Imagine that you’re a farmer in the mid-19th century, trying to make a go of it. You save up, buy a farm in 1857, you marry and have five children, and achieve some modest success. On your twelve-acre farm you grow wheat, barley and hay, and you have a small apple and peach orchard. Now imagine that you’re Abraham Brian*, an African-American farmer, one of 170 free black Americans living in Gettysburg, Pennsylvania, and it’s the summer of 1863.
Gettysburg is the best known, most researched, studied, video’d and written about, battle in the Civil War, probably in US history. A park ranger told us that to raise money for acquiring battlefield land you just have to put the word Gettysburg in the appeal and the money flows in. As a result, many people are pretty informed about the battle, or at least its highlights.
So you may already know the back story: after several decisive victories in Virginia in 1863, the brilliant strategist and risk-taking General Robert E. Lee decided that taking the fight into the north could change the course of the war. His goal was to attack Harrisburg and Philadelphia, PA, in the belief that victories there would destroy the northern army and demoralize the population, leading to an end of the war and recognition of the Confederacy. Hearing that the southerners were coming, Abraham Brian left Gettysburg with his family to avoid being captured and sent south into slavery.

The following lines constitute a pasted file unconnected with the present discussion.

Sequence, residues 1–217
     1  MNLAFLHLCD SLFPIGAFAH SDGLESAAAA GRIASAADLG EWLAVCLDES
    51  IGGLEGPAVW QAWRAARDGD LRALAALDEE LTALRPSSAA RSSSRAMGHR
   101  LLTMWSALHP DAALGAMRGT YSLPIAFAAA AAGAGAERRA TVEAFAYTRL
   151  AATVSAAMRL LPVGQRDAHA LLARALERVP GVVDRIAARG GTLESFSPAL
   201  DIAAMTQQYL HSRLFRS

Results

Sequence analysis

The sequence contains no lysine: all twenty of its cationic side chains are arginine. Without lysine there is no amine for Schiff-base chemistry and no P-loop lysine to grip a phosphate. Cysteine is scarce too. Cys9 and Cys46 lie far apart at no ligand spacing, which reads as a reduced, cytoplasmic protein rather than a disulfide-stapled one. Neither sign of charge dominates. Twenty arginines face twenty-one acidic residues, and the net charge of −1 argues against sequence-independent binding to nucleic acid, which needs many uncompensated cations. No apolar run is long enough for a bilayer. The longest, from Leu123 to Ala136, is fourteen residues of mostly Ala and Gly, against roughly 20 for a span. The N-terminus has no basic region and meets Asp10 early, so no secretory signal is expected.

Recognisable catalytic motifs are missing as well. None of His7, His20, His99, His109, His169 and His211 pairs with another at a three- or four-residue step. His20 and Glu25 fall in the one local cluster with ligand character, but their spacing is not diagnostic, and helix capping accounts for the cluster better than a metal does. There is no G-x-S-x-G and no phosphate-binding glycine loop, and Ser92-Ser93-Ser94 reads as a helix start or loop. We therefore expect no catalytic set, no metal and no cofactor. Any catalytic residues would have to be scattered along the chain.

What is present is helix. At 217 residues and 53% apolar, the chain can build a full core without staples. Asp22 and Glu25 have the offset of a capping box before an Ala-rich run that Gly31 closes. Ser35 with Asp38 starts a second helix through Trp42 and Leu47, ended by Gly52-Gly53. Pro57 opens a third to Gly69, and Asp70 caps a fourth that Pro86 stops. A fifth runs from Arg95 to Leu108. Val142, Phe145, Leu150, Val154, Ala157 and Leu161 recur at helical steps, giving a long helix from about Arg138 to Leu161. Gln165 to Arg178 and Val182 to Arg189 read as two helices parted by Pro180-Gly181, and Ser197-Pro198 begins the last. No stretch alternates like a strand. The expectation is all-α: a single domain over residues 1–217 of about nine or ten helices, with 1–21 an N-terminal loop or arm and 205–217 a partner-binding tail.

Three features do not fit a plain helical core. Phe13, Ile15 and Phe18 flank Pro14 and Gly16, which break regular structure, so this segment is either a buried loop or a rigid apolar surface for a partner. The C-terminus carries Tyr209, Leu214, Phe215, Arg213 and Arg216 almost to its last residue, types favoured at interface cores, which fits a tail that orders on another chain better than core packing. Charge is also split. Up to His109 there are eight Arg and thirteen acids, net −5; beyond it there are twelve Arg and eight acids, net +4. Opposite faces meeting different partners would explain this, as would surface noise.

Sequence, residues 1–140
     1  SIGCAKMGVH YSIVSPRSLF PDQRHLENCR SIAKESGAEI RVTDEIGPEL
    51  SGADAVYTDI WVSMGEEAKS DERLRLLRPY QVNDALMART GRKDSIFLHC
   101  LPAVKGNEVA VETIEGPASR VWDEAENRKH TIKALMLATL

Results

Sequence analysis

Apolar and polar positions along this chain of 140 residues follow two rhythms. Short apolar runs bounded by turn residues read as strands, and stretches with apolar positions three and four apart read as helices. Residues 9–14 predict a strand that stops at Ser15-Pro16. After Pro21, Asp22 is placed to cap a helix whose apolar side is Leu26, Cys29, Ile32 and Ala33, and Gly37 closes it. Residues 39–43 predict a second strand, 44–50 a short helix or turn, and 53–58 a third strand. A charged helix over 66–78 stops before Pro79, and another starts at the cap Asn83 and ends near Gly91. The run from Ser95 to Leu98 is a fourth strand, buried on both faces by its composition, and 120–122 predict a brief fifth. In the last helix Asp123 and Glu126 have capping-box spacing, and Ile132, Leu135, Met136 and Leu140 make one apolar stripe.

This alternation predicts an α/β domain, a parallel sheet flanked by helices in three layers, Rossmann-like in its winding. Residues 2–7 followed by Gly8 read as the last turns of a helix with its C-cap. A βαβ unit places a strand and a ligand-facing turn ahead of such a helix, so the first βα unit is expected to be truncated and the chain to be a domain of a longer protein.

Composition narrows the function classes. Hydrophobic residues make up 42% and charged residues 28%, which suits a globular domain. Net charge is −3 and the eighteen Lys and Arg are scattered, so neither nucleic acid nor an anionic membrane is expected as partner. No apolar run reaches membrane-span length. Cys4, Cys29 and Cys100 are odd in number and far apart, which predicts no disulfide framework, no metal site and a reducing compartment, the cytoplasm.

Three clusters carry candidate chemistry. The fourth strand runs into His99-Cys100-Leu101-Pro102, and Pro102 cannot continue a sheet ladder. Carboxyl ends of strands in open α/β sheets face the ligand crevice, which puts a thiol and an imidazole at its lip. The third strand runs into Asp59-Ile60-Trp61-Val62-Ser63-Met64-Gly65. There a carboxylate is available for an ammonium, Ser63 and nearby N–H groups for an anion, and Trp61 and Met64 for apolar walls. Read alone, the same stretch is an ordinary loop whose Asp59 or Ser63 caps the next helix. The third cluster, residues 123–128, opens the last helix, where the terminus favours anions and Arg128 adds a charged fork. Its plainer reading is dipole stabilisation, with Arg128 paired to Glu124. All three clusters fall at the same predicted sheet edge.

Lee didn’t intend to fight at Gettysburg, but when elements of his army bumped into those of US General Meade’s army by chance, he had no choice. Over three July days, more than 165,000 soldiers in both armies fought ferociously here. (And 51,000 were casualties. 51,000—think about that.) Battle lines moved back and forth across the hills and once-pastoral farmland several times. Brian’s farm was directly in the path of the armies, in fact was in the center of the famous Pickett’s Charge, the Confederates’ ill-fated frontal assault the Union high ground on July 3rd that ended both the battle and Lee’s invasion of the North.
When Brian returned after the battle, he assisted in the burial of Union soldiers and received $1 per body; these remains were reinterred in the Gettysburg National Cemetery. On his farm, he found walls filled with bullet holes, windows broken, and the furniture smashed; farm fences were gone, his crops were obliterated, and the trees in his orchard were useless. The government paid civilians for property damage—but only if you could prove the damage was done by Union soldiers. Brian filed a claim for $1,028; he received a check for $15.
Abraham Brian did rebuild his house and farm. He died in either 1875 or 1879—accounts differ—and he’s buried in Lincoln Cemetery in Gettysburg, the town’s “colored” cemetery. But now, when you tramp the farm fields trampled in the course of the battle, you can see his simple house (it’s been rebuilt), read his story, and bear witness to the struggle and ultimate success of a man and his family who survived this terrible war.
*Sometimes spelled Bryan
- Brian house in 1863: Wikipedia
- Steroscope image: Wikipedia Commons
- Contemporary Brian House photos © 2014 Sue Cummings and Bruce Howard. All rights reserved.